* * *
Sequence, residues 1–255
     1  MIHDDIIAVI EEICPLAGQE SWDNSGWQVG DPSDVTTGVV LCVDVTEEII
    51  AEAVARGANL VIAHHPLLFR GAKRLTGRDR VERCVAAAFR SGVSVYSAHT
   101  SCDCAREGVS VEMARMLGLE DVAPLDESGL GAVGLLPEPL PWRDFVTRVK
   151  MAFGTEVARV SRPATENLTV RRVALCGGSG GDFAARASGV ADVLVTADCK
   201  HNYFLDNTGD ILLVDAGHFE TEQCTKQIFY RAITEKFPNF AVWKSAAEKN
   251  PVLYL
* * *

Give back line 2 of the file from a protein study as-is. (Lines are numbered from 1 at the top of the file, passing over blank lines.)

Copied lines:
     1  MIHDDIIAVI EEICPLAGQE SWDNSGWQVG DPSDVTTGVV LCVDVTEEII